This section of our technical library presents information and documentation relating to IVR Development and custom IVR software and products.
Business phone systems and toll free answering systems (generally 800 numbers and their equivalent) are very popular for service and sales organizations, allowing customers and prospects to call your organization anywhere in the country.
The PACER and WIZARD IVR System is just one of many DSC call center phone system features..
What is IVR Software?. An Interactive Voice Response (IVR) processes inbound phone calls, plays recorded messages including information extracted from databases and the internet, and potentially routes calls to either inhouse service agents or transfers the caller to an outside extension.
Contact DSC today. to learn more about our IVR services and IVR application development software.
Deploying Systems at the Customer Interface
When it comes to IVRs, companies pay too much attention to cost and not enough to risk
The IVR (Interactive Voice Response unit), or VRU (Voice Response Unit), was developed in the 1970s to respond to touch-tone commands entered by telephone callers. We are all familiar with its most common use, which is to determine the kind of customer service required and, in conjunction with an Automatic Call Distribution (ACD) system, to route the call to an appropriate agent.
Increasingly, IVRs are being used to meet callers’ requests without passing them on to an agent. Some simple transactions are already widely handled by IVRs: providing account-balance information, transferring funds from one account to another, and entering an electricity meter reading, for example. Now, increasingly sophisticated applications are being handled in this way. British Airways has a flight-pricing IVR in the United States. Callers use their telephone keypad to enter the first four letters of a departure and an arrival city, together with the travel dates and class of service desired. The response is the price for a suitable ticket. If callers have other questions, they must phone their travel agent or a British Airways reservations number – there is no agent to whom the IVR can pass the call.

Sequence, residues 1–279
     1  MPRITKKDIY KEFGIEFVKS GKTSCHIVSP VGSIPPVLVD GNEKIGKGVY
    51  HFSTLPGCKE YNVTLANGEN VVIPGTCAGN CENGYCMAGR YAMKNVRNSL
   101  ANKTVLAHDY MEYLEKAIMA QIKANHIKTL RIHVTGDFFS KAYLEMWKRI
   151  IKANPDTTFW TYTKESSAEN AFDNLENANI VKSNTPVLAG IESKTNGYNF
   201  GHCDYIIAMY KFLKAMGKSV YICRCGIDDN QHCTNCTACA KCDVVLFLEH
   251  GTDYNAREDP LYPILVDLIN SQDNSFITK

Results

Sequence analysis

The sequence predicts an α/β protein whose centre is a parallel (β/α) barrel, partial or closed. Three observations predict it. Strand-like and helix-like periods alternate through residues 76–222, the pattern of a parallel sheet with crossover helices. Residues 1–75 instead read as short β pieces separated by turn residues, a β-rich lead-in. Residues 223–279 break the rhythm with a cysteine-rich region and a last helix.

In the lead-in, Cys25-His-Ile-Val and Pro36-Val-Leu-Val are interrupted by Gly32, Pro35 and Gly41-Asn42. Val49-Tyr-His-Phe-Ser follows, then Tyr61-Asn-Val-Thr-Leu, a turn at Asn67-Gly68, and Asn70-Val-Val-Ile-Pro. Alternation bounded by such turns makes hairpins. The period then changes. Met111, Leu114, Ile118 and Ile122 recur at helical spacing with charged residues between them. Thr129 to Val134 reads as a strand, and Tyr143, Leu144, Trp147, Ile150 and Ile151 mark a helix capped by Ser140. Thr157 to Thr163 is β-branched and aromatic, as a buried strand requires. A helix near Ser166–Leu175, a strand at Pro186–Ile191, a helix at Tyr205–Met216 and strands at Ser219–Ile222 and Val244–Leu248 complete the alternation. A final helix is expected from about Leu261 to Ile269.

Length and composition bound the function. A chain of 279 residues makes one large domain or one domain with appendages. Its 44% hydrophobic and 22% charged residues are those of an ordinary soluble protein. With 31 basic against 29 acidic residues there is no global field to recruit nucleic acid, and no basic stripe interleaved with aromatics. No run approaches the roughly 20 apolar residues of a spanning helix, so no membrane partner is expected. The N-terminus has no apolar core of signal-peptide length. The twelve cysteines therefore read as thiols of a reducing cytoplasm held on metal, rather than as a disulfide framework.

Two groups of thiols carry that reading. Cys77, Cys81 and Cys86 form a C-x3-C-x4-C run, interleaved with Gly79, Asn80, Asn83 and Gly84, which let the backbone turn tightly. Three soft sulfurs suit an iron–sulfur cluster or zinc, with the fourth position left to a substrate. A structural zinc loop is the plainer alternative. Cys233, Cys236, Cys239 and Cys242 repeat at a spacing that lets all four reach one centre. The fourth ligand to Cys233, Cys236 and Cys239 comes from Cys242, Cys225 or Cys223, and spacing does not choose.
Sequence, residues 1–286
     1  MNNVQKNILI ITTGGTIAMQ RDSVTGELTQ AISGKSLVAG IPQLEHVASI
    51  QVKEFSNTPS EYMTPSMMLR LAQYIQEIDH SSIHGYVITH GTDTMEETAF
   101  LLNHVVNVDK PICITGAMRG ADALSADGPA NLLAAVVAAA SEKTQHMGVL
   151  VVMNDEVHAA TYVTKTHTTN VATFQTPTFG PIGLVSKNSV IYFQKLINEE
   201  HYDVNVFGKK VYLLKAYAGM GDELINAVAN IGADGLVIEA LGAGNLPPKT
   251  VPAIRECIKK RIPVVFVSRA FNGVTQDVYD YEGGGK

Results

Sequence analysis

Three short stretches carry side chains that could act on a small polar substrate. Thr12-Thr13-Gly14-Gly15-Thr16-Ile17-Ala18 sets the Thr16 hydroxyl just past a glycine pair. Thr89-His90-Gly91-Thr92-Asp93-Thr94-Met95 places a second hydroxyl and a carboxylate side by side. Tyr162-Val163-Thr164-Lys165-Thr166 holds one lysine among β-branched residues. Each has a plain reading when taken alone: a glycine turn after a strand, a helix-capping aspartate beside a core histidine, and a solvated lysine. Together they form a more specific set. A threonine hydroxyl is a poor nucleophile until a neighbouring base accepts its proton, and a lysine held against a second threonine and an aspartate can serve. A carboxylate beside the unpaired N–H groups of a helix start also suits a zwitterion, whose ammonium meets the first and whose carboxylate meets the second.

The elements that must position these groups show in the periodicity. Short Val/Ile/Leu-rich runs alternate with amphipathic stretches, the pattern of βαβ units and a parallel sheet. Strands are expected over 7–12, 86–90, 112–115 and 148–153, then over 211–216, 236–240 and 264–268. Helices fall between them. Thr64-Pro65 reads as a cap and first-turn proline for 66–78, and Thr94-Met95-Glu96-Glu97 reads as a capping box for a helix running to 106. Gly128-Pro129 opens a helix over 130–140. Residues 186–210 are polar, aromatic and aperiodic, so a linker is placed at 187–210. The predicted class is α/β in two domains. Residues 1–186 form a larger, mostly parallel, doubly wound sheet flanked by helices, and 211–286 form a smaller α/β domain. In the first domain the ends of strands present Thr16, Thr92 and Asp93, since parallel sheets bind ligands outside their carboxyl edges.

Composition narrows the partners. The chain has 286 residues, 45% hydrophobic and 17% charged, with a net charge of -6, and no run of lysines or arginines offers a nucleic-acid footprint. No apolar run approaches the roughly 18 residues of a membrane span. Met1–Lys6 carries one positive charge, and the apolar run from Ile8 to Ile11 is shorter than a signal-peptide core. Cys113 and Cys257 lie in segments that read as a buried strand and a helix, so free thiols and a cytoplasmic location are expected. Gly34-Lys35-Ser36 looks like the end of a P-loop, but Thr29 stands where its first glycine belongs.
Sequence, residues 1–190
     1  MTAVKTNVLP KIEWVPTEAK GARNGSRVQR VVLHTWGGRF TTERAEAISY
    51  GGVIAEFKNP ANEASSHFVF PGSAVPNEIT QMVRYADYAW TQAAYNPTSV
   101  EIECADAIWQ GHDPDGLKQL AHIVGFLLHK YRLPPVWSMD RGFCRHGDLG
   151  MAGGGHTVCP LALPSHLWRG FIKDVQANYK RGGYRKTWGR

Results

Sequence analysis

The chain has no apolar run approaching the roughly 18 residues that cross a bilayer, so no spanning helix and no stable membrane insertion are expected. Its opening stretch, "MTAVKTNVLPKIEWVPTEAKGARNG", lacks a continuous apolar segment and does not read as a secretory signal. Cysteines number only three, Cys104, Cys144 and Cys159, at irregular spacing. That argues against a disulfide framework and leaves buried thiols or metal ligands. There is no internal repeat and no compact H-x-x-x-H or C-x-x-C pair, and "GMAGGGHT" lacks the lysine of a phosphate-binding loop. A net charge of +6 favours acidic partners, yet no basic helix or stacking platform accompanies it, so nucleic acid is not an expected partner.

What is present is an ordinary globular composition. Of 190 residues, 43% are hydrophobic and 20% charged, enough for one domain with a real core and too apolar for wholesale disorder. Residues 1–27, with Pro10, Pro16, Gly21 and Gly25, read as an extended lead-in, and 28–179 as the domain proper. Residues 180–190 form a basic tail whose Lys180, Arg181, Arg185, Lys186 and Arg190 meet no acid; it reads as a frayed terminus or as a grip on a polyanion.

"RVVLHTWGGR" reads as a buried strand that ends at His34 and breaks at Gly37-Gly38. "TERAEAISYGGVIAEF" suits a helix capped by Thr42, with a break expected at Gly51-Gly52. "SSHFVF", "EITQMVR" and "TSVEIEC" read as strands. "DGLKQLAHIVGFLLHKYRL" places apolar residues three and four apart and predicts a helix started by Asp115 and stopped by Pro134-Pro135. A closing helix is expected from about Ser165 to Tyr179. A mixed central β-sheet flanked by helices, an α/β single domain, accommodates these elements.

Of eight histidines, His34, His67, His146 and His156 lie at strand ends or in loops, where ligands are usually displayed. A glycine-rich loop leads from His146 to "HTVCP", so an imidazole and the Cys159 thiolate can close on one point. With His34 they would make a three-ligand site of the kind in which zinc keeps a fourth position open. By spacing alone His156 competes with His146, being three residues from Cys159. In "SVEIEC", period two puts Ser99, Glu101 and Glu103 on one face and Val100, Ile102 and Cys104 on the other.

Handling incoming requests for information or conducting simple transactions through an IVR can result in very significant savings for a company. The cost of handling a call on an IVR may be as little as 15¢ while the same transaction conducted by a customer-service representative would cost $35 or more. Depending upon the application, sponsors report being able to handle between 45 per cent and 80 per cent of incoming calls on an IVR without any agent involvement.
For a great many prospective customers the IVR is the first, and perhaps only, contact they have with your company – is it a positive experience?
Callers do not dislike IVRs, as the increase in the number of calls to banks following the availability of account-balance information on an IVR shows. But callers do dislike the clumsy implementation of far too many IVRs, and everybody has a story to demonstrate this. Executive management in any organisation is immediately aware when poor-quality advertising besmirches the company’s reputation, although actual and potential customers are highly likely to ignore or dismiss a poorly-designed advertisement. The IVR is often the most widely-used interface between an organisation and its customers (often many thousands per day), but management attention to the quality and usability of IVR scripts is almost unheard of.
Some companies have identified key guidelines for the implementation of an IVR script. These include:
While, in general, IVRs are a means to reduce call-centre costs by handling callers’ requests without the intervention of an agent, advanced companies are deploying them to enhance the customer-service interface with ubiquitous 24-hour operation. Make sure that your IVR serves the company well. It may be the most important point of contact with the customer.
- Make the script as crisp and simple to use as possible. It sometimes makes sense to publish, in advertisements, newsletters and wallet cards, a map of the script hierarchy to show users how they can efficiently navigate to get the service they desire.
- Employ a professional ‘voice’ to record the script, and pay attention to inflection, pauses and tone.
- Ensure that all the features expected by the customer are implemented.
- Plan the sequence of the script. The most urgent case should be handled first – for example, “If this is an emergency, please press 1”. The most likely/frequent callers should be treated next.
- Consider moving special cases to other telephone numbers. For example, company agents or distributors should have different sales contact numbers.
- Keep the script consistent:
– If you ... Press 1.
– If you ... Press 2.
– If you ... Press 1.
– If you ... Please press 2.